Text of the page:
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The growing fight over coronavirus vaccine patents

A growing chorus of advocates wants to weaken some of the intellectual property protections for coronavirus vaccines, which they say will quickly expand global supplies. But critics say the move wouldn't work, and would set a bad precedent.

Where it stands: The Biden administration is evaluating the idea, including whether it would work as intended.


The big picture: Rich countries, including the U.S., are well into their vaccination efforts, while many developing nations have yet to begin.

  • Around 100 countries, led by India and South Africa, want the World Trade Organization to temporarily suspend some intellectual property rights for coronavirus vaccines and treatments, Nature reports.
  • “If a temporary waiver to patents cannot be issued now, during these unprecedented times, when will be the right time?” Tedros Adhanom Ghebreyesus, the director general of the World Health Organization, recently tweeted, the Washington Post reports. “Solidarity is the only way out.”

The other side: The U.S., the European Union, the U.K. and most major pharmaceutical companies have opposed the measure so far.

  • "COVID-19 vaccines are complex biologic products," 31 board members of PhRMA, the drug industry's leading trade group, wrote in a letter to Biden earlier this month. "Eliminating protections would not speed up production."
  • “The thing about vaccines is that, unlike a drug, you can’t just [follow instructions] and assume that you’ve got a vaccine. This is a complex biological process that has multiple quality-control steps," Jerome Kim, director-general of the International Vaccine Institute in Seoul, told Nature.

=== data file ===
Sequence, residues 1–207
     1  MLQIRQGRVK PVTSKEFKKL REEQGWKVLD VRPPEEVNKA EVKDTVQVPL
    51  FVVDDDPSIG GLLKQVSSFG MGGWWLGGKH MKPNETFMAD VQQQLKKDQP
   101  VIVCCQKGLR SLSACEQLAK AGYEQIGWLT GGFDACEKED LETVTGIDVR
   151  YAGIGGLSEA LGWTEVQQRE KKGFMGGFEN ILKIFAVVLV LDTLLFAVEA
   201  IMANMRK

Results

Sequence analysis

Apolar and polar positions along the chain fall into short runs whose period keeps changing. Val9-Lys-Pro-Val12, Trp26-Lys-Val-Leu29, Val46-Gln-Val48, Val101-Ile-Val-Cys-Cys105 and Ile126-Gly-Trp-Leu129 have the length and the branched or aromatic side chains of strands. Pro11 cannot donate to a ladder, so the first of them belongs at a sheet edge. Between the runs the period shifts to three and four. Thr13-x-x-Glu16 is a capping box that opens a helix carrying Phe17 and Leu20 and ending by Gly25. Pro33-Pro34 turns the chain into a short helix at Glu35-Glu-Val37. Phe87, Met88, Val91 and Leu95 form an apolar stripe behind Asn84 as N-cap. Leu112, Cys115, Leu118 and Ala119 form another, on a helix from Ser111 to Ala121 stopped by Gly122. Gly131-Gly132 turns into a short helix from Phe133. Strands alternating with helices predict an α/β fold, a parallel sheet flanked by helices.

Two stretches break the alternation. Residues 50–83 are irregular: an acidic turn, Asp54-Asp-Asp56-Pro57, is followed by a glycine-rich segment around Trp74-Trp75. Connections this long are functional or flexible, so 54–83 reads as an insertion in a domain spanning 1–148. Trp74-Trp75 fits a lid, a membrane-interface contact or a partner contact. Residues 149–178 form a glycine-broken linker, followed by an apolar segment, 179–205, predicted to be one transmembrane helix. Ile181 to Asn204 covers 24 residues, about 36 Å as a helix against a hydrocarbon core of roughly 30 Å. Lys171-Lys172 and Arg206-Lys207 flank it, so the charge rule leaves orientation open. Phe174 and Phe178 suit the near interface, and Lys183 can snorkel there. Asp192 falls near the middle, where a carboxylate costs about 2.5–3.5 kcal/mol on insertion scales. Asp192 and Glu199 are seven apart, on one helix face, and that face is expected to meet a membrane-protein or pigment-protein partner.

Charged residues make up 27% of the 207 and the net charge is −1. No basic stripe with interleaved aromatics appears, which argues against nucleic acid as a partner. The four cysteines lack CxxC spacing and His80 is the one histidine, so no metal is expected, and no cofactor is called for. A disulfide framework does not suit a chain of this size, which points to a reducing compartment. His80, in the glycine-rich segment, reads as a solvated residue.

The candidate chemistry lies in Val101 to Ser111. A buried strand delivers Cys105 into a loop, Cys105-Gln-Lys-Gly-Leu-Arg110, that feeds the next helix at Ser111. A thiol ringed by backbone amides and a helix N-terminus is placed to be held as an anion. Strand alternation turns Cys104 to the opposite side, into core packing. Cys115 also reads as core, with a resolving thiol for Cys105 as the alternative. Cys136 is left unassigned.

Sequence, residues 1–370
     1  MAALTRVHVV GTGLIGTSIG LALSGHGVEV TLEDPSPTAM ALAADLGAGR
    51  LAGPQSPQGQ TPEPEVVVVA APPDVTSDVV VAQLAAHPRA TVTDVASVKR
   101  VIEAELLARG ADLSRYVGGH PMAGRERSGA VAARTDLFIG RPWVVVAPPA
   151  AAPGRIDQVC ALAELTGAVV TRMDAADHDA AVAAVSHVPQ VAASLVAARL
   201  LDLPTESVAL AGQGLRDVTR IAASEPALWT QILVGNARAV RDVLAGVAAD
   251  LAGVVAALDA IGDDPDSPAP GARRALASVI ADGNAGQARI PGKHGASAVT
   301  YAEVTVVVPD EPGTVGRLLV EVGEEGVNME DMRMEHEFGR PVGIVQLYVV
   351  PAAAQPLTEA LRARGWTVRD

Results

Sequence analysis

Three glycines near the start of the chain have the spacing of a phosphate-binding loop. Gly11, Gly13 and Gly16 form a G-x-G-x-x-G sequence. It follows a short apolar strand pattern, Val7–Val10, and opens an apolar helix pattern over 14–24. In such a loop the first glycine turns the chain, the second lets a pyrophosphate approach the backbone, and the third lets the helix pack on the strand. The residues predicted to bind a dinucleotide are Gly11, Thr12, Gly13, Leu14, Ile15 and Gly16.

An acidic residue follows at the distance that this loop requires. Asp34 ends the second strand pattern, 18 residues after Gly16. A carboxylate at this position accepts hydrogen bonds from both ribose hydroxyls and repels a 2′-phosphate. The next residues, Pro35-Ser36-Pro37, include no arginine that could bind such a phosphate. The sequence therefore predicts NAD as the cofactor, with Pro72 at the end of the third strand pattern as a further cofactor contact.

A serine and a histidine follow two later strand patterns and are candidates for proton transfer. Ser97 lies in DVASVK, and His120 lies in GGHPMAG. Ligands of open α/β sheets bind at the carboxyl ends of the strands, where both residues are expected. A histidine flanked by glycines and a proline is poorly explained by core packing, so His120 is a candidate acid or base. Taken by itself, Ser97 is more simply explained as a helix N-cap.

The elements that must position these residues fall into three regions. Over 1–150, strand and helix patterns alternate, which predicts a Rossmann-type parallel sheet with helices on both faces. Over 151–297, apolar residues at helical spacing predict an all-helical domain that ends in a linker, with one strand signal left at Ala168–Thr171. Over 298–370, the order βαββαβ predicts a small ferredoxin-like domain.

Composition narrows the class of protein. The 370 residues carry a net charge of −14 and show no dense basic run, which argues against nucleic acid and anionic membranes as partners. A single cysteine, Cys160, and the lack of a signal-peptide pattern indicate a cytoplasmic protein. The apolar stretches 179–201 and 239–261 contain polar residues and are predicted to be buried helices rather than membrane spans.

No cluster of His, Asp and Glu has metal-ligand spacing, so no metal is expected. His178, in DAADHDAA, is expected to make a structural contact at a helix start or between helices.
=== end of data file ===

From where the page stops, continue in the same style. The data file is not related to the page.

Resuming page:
• Krishna Udayakumar, associate director for innovation at the Duke Global Health Institute, told the Post that the debate is “more symbolic than practical," and that "what we really need is a stronger effort to develop vaccine manufacturing and transfer knowledge and know how, which is much deeper than patents."
  • Experts have also raised concerns that removing patent protections would reduce innovation incentives for drug companies in the future.

What we're watching: The Biden administration says it's looking into the idea.

  • "We are exploring every avenue to coordinate with our global partners and are evaluating the efficacy of this specific proposal by its true potential to save lives,” USTR spokesman Adam Hodge told CNBC.
  • Pressure on the administration may be increasing. Some progressive lawmakers support the waivers, and House Speaker Nancy Pelosi recently sent a letter "urging the administration to study the issue," per CNBC.

What they're saying: "We must find a 'third way' on intellectual property that preserves the multilateral rules that encourage research and innovation while promoting licensing agreements to help scale-up manufacturing of medical products," Ngozi Okonjo-Iweala, director-general of the WTO, wrote earlier this month in an op-ed.

Go deeper: The problem with vaccine patents

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